A community white paper developed by leading researchers across the United States


The promise of data-driven decision-making is now being recognized broadly, and there is growing enthusiasm for the notion of ``Big Data.’’ While the promise of Big Data is real -- for example, it is estimated that Google alone contributed 54 billion dollars to the US economy in 2009 -- there is currently a wide gap between its potential and its realization.
Heterogeneity, scale, timeliness, complexity, and privacy problems with Big Data impede progress at all phases of the pipeline that can create value from data. The problems start right away during data acquisition, when the data tsunami requires us to make decisions, currently in an ad hoc manner, about what data to keep and what to discard, and how to store what we keep reliably with the right metadata. Much data today is not natively in structured format; for example, tweets and blogs are weakly structured pieces of text, while images and video are structured for storage and display, but not for semantic content and search: transforming such content into a structured format for later analysis is a major challenge. The value of data explodes when it can be linked with other data, thus data integration is a major creator of value. Since most data is directly generated in digital format today, we have the opportunity and the challenge both to influence the creation to facilitate later linkage and to automatically link previously created data. Data analysis, organization, retrieval, and modeling are other foundational challenges. Data analysis is a clear bottleneck in many applications, both due to lack of scalability of the underlying algorithms and due to the complexity of the data that needs to be analyzed. Finally, presentation of the results and its interpretation by non-technical domain experts is crucial to extracting actionable knowledge.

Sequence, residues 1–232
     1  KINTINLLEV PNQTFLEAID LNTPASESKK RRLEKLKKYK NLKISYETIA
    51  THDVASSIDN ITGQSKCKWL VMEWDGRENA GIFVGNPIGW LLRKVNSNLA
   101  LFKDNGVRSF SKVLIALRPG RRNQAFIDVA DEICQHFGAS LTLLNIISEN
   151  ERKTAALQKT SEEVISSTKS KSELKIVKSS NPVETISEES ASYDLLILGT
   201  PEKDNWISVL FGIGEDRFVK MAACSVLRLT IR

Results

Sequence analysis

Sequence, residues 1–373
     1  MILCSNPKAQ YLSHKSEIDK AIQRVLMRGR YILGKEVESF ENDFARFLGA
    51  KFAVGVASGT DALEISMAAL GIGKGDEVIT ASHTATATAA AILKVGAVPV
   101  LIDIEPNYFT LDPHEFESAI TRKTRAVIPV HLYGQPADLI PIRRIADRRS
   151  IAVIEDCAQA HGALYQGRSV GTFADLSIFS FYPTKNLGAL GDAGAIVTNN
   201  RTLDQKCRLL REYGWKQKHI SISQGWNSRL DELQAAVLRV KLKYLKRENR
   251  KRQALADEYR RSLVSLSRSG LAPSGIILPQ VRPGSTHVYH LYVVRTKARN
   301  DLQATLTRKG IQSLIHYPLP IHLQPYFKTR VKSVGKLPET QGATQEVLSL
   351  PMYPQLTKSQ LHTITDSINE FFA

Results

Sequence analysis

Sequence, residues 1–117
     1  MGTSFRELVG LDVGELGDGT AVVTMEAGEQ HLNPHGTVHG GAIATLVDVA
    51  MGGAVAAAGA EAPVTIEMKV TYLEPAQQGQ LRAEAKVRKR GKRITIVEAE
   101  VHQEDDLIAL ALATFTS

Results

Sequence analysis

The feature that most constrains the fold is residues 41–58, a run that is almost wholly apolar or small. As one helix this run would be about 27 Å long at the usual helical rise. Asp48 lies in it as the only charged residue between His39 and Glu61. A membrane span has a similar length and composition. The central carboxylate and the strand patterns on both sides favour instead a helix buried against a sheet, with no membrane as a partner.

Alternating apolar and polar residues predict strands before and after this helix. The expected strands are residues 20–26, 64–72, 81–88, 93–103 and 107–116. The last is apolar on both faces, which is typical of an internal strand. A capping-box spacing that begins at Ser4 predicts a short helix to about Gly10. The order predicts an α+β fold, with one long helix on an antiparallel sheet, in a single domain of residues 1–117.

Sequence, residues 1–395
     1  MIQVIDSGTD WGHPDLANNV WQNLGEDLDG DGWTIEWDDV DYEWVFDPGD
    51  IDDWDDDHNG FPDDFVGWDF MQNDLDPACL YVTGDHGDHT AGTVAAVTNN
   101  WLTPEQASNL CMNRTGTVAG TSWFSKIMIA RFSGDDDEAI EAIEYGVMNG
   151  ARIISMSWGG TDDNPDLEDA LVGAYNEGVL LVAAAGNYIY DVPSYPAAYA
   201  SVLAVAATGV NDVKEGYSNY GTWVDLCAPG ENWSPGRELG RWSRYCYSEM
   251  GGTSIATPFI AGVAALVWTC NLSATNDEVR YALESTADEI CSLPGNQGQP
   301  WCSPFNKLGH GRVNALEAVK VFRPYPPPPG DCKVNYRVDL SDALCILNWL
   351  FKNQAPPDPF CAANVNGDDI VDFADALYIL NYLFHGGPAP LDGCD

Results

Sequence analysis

During the last 35 years, data management principles such as physical and logical independence, declarative querying and cost-based optimization have led, during the last 35 years, to a multi-billion dollar industry. More importantly, these technical advances have enabled the first round of business intelligence applications and laid the foundation for managing and analyzing Big Data today. The many novel challenges and opportunities associated with Big Data necessitate rethinking many aspects of these data management platforms, while retaining other desirable aspects. We believe that appropriate investment in Big Data will lead to a new wave of fundamental technological advances that will be embodied in the next generations of Big Data management and analysis platforms, products, and systems.
We believe that these research problems are not only timely, but also have the potential to create huge economic value in the US economy for years to come. However, they are also hard, requiring us to rethink data analysis systems in fundamental ways. A major investment in Big Data, properly directed, can result not only in major scientific advances, but also lay the foundation for the next generation of advances in science, medicine, and business.


data decision-making, Big Data, heterogeneity, data acquistion, data analysis, metadata, security, data integration

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